In December 2017 Paul Bew concocted and published a report under instruction from the government with the intent of preparing the groundwork for an extreme attack on democracy. Presented as response to “intimidation of MPs” one of the suggestions in the Bew Report was that people who opposed the government could be barred from voting in elections in Britain.
“Electoral law can overlap with and complement the criminal law, such that offences with criminal sanctions can also involve sanctions under electoral law. These sanctions are specific to the election process, such as being barred from voting for a certain period, or removal from the electoral register.” (p 60, section: Electoral Law)
On the following page Bew said
“The government should consult on the introduction of a new offence in electoral
law of intimidating Parliamentary candidates and party campaigners.” (p 61, box)
That “consultation” has just begun.
Tory Minister for the Constitution Chloe Smith, MP for Norwich North, quoted in a BBC report, said “intimidation was putting talented people off standing for election,” and “the measures being consulted on would protect voters, candidates and campaigners so they can make their choice at the ballot box or stand for public service without fear of being victims of misinformation or abuse.”
The BBC report also claimed that a Cabinet Office spokeswoman said the length of the ban on convicted “abusers” standing for or holding public office would be a part of the consultation.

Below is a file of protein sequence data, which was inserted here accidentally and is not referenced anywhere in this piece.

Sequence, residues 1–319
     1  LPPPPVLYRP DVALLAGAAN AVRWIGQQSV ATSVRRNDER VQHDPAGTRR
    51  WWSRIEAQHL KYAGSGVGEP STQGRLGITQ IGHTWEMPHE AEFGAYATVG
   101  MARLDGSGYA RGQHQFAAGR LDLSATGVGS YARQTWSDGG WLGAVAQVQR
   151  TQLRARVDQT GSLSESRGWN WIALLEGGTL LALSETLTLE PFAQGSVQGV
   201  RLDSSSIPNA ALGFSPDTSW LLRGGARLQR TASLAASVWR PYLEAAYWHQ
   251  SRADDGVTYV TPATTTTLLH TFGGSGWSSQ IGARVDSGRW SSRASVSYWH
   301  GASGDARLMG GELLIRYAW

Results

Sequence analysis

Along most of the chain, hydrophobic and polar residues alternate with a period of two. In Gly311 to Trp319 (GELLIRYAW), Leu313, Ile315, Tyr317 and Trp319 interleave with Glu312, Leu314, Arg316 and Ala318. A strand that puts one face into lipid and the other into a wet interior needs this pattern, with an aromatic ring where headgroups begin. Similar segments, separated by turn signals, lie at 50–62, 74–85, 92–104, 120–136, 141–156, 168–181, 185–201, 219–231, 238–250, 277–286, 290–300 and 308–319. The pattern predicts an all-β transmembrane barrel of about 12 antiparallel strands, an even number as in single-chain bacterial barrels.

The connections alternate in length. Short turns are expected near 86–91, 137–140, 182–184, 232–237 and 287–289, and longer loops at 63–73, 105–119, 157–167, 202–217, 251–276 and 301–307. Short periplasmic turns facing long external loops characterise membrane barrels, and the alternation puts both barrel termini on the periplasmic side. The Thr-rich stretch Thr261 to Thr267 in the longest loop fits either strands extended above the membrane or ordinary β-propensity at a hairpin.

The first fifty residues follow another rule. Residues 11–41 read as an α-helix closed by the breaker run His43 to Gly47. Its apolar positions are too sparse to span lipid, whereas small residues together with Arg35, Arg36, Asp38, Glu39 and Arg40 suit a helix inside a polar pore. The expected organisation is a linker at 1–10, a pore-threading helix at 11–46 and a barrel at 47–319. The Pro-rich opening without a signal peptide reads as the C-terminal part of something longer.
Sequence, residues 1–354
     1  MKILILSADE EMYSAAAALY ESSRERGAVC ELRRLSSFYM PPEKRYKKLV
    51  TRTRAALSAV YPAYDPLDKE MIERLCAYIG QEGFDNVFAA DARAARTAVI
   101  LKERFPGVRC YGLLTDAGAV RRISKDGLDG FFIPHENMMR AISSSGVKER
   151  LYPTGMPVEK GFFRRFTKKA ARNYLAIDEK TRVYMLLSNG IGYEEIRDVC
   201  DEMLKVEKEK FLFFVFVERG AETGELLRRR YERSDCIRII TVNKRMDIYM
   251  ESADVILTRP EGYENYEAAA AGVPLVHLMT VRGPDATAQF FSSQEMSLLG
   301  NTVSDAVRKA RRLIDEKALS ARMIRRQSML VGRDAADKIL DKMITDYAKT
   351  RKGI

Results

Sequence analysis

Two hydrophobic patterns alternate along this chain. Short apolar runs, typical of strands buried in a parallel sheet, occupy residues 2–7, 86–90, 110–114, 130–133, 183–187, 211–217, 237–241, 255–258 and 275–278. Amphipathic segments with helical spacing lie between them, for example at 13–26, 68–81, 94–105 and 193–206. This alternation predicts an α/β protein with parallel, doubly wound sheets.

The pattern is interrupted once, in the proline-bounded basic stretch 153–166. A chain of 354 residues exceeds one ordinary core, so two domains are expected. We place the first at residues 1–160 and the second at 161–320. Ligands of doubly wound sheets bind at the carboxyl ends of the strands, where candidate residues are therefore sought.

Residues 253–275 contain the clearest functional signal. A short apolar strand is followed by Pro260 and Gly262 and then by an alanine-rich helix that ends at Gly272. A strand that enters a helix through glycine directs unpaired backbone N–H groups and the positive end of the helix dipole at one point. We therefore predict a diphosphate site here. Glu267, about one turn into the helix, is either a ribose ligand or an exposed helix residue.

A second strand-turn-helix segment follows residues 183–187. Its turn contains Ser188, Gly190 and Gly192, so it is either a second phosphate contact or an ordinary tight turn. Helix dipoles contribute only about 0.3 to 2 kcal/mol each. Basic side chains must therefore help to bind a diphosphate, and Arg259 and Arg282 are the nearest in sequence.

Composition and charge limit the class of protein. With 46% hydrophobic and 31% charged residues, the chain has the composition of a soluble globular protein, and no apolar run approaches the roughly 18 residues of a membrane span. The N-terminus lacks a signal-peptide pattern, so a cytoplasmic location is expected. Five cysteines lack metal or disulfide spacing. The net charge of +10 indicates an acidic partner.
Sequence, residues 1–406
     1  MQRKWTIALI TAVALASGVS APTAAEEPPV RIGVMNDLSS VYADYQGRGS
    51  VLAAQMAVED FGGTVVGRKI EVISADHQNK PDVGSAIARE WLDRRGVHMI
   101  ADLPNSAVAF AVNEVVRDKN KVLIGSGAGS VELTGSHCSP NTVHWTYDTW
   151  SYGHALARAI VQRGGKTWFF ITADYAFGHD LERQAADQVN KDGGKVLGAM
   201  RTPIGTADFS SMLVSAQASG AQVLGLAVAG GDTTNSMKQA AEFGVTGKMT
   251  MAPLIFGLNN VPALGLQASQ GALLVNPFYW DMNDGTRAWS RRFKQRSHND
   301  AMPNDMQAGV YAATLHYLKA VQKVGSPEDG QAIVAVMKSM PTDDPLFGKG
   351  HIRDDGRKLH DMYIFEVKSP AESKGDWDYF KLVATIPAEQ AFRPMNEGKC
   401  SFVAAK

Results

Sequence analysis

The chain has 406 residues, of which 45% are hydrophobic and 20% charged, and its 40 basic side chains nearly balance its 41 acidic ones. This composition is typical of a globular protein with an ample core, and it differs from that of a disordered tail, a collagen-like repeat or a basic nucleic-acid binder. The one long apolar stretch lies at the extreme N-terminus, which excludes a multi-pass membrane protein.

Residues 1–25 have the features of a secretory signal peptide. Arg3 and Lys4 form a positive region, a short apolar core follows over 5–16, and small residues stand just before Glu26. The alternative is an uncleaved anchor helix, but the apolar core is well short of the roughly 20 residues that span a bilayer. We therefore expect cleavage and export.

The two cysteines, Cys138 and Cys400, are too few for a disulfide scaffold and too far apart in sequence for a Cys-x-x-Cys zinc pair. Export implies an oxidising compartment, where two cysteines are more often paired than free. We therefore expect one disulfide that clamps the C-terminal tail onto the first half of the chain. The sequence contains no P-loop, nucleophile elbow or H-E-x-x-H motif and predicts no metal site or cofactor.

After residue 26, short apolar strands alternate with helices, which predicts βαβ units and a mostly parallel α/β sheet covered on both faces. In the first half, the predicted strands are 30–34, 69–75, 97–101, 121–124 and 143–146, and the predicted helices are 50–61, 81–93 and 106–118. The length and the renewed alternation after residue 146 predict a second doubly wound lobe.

To clarify, the Tory proposals are:
- Stop political opponents and critics from voting
- Stop political opponents and critics from standing in elections against the Tories
That was always the intent of the Bew Report and of preceding debates in parliament on “intimidation of MPs.”
A consequence of the introduction of laws to enact the above proposals would be a significant fall in the volume and the intensity of criticism of Tory acts, statements and policies. Of course, that diminution of criticism and inspection is precisely what the Tories are aiming for. Threats of being barred from voting or from standing for office is sufficient to attain the reduction in accountability that the Tories want and need.
This is not the first time that the Tories have sought to greatly reduce inspection of their behaviour, particularly during election campaigns. They created the infamous gagging law to stop charities revealing the savage effects of Tory policy.
It is also not the first time that the Tories have sought to restrict voting. They intend to expand voter suppression trialled in this year’s council elections.
The Tories claim that their proposed changes to the law are a response to “intimidation of MPs.” But, analysis of the Bew Report and analysis of the debates in parliament about such “intimidation” show that the justification for any changes to the law is manufactured and contrived:
After publication the Bew Report did not get much attention. Understandably, a long-winded repetitive government report is not an appealing read. But, the proposed attacks on democracy and on the ability to examine, criticise and hold to account the government are deeply disturbing and need to be understood in their intent and their consequences.
(Chloe Smith has form. Earlier this year she pressed criminal charges against a disabled constituent who had criticised the government’s persistent attacks on people with disabilities.)